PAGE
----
5 Daily Tasks Every Small-Business Owner Should Do to Improve Business Practices

by Anne Bouleanu
- May 20 2014 - 4 min read
how_to_improve_business
Micke Tong

When entrepreneurs branch out on their own and start a small business, most tend to focus on the big things.

At first, a small-business owner needs to tackle handling a new workload, getting established, bringing in clients, and looking for start-up financing. In general, it’s an overwhelming period, and because small-business owners need to focus on the big picture, it’s easy to let common-but-vital business practices fall to the wayside. Once you’ve gotten your feet wet and made it past the uneasy phase, however, it’s time to dig into the every day practices of running a business.

These daily tasks don’t have to take up hours each day. In fact, there are a few things a small-business owner can do each day that will help improve business practices. While there’s no precise way to measure how much time each of these activities will take, if you’re struggling to get used to the daily ins and outs of running a business, start by tackling these activities for 10 minutes every day at work.

improve business

1. Communicate with Clients. Client relationship management is essential to small-business success, even for busy creative professionals. Any small-business owner will tell you that ignoring client emails doesn’t solve anything; unanswered messages pile up, clients become frustrated, and opening an inbox can quickly become a source of stress every morning.

Rather than letting emails become the bane of your business existence, set aside 10 minutes each day to get back to customers. Yes, just 10 minutes. You may not be able to answer everyone with in-depth responses, but that’s okay. Whether you’re an interior designer waiting on materials to get going on a project or an animator who needs to check on the progress of a piece you’re working on for a high-stress client, there’s no need to put off communication.

2. Check Industry Trends. Ever wonder how some entrepreneurs always seem so ahead of their competitors? Well, it’s likely not an accident. As a small-business owner in a globally competitive market, it’s important to stay on top of industry trends. Of course, setting out each day to find out what’s new in architecture or civil engineering as a whole can lead you far down the Google rabbit hole, so stay aware of the amount of time you spend digging into new trends.

Instead of aimlessly meandering from one article to the next, set up a Google alert for “small-business trends,” or something more industry specific such as “structural engineering trends.” These alerts will help you stay current with industry news and allow you to keep an eye out for what your competitors are up to. You can also subscribe to creative online magazines and bookmark sites filled with content relevant to your field.

3. Plan for the Future. Once you’ve gotten into the full swing of running your business each day, it can be easy to lose sight of anything but the daily ins and outs of your work. However, to ensure business success for years to come, it’s important to think about the long-term state of operations for a few minutes every day. What would happen if you lost your biggest client tomorrow? How would you move forward to recover and maintain your company? If this doesn’t sound like too much fun, remember that it’s important to prepare not only for the worst, but also for the best.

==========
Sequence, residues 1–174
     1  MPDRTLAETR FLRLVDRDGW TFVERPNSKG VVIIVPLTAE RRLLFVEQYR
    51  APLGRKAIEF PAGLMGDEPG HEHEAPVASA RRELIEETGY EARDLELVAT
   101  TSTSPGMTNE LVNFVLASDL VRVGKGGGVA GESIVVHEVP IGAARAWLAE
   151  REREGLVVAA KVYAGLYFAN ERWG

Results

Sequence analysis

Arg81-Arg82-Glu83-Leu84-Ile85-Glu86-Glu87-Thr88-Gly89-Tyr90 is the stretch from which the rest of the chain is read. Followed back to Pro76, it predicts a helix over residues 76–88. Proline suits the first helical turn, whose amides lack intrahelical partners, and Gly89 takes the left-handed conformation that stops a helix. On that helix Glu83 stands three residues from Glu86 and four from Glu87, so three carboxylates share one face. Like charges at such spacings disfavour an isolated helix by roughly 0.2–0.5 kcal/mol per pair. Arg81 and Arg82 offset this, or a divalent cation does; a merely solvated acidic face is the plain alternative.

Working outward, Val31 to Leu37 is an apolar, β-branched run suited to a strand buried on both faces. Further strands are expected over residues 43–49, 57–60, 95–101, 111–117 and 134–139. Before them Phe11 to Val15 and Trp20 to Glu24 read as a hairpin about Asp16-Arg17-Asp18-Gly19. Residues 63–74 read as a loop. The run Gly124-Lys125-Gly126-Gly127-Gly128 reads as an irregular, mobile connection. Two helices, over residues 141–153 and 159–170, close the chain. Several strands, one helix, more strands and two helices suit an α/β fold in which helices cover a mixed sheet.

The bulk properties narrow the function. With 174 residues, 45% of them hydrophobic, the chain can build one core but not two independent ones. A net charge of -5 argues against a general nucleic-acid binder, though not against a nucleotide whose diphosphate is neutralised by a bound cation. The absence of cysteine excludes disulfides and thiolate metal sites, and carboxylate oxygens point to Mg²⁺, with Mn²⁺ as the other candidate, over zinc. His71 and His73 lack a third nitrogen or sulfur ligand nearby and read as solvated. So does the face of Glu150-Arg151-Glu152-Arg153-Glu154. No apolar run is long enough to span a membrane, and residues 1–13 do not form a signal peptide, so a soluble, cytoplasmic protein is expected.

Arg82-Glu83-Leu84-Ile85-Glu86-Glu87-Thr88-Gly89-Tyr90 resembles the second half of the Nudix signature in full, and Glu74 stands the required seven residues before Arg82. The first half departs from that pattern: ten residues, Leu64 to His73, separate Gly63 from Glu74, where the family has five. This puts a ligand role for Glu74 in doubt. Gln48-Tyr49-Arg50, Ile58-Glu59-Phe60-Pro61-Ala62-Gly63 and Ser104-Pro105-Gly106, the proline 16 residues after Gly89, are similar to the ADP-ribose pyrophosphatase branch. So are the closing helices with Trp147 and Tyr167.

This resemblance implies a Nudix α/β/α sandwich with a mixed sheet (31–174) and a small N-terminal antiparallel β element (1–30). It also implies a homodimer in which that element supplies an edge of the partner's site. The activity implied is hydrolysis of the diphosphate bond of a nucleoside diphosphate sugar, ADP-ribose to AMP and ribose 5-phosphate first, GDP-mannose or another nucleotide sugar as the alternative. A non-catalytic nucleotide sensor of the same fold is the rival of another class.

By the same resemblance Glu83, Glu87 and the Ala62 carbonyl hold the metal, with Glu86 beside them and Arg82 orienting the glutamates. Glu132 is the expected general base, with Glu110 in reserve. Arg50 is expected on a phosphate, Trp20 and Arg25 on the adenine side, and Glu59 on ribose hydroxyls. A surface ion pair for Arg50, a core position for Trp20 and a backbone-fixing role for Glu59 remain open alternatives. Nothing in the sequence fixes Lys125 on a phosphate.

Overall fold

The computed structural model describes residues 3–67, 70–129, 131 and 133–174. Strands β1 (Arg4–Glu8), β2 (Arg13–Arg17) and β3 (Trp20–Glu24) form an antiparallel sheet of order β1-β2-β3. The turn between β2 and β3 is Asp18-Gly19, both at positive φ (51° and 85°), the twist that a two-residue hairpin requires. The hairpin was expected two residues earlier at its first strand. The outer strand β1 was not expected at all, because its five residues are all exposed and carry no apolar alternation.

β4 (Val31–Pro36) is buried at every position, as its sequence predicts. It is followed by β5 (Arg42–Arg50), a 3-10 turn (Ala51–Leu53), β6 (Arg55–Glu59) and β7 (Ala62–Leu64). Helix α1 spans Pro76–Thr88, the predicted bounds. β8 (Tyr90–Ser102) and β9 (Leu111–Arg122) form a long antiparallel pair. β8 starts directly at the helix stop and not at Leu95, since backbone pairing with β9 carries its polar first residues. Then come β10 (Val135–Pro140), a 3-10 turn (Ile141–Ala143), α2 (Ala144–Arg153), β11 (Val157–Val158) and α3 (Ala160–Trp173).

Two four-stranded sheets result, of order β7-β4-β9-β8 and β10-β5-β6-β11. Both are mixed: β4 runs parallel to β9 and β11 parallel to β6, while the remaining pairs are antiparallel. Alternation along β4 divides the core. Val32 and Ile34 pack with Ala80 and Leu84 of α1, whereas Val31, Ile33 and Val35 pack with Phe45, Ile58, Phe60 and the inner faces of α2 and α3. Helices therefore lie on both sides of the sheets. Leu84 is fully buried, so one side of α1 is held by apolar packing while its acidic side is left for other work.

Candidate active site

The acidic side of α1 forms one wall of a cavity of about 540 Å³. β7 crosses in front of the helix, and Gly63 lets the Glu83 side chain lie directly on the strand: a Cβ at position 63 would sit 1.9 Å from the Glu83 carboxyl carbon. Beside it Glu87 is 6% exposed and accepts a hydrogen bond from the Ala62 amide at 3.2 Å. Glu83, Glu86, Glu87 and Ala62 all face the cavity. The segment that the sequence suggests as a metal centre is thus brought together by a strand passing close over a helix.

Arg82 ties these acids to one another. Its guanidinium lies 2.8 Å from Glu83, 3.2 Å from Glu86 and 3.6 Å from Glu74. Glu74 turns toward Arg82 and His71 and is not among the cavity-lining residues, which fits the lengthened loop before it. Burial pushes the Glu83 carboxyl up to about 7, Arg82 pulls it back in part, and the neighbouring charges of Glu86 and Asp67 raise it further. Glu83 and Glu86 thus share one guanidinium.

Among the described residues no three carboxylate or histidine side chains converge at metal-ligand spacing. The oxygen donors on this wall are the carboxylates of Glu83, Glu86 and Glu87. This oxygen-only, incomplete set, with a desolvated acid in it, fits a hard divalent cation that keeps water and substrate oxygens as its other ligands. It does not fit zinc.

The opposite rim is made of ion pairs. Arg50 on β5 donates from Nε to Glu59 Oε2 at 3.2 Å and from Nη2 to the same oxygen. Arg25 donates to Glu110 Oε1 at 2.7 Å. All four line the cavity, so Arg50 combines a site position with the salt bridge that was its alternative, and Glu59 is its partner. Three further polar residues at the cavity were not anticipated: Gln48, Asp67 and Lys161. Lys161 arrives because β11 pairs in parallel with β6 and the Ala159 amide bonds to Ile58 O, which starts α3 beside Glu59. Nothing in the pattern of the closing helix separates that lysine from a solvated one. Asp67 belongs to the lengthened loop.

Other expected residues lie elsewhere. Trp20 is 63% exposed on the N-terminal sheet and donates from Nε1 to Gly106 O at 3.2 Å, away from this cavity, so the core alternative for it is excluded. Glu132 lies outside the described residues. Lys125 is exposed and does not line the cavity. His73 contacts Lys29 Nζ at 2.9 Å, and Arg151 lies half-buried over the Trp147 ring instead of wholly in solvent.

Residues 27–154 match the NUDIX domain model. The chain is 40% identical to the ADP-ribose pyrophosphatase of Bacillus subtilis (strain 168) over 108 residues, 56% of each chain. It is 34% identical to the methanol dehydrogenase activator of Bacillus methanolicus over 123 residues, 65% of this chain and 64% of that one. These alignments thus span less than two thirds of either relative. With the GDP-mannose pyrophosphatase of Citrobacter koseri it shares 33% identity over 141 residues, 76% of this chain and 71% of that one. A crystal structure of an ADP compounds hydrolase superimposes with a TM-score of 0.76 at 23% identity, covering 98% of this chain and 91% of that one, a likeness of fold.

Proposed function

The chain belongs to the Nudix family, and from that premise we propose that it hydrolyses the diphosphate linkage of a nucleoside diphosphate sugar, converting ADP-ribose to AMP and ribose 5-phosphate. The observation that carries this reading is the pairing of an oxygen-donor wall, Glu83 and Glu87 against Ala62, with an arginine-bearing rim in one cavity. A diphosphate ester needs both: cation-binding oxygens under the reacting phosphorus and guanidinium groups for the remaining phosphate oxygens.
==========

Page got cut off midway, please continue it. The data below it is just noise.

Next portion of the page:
When planning ahead for the future, allow yourself to dream up ideal projects. Think about designs you would love to incorporate into your daily life and where you would like to see your business in the next year or even five years. Thinking long-term will give you some much-needed perspective, so allow yourself to get think creatively and ambitiously a few minutes each day, and remind yourself why you began working as a small-business owner in the first place.

improve business

Of course, you could easily spend hours on this task each day, as it’s especially easy to get swept up in and overwhelmed by goals that have not yet been reached. However, as many small-business owners inevitably learn, it’s vital to set boundaries and learn how to reign yourself in. So instead of letting brilliant ideas flounder until your next large-scale planning session, jot down a few ideas for marketing, design, management, or anything that concerns or inspires you about your business.

4. Assess Finances. Check your business bank accounts, credit-card expenses, and receipts every single day. Similar to delaying checking email, many small-business owners fear looking at their bank accounts if they haven’t done so in a week, afraid of what they may find.

CPA Practice Advisor recommends avoiding the fear and regularly examining your finances. This will let you in on where you can save, where you should spend, and remind you that you’re still waiting on a payment from a certain customer.

5. Organize and Clean. People rarely set out to work at a cluttered, messy desk; these things simply tend to…happen. Unfortunately, the longer you put off cleaning, the more daunting the task can become. Toward the end of the day, take a few minutes to clear your desk of papers, contracts, food wrappers, and other extraneous items that may be floating around. Empty the trash when it becomes full, and instead of piling up all those papers, take a minute to place them in proper file cabinets or drawers.

Similarly, take a few minutes to make sure your computer desktop and digital files are organized. You’ll thank yourself later when you’re able to easily locate the electronic copy of a contract without getting frustrated.

 

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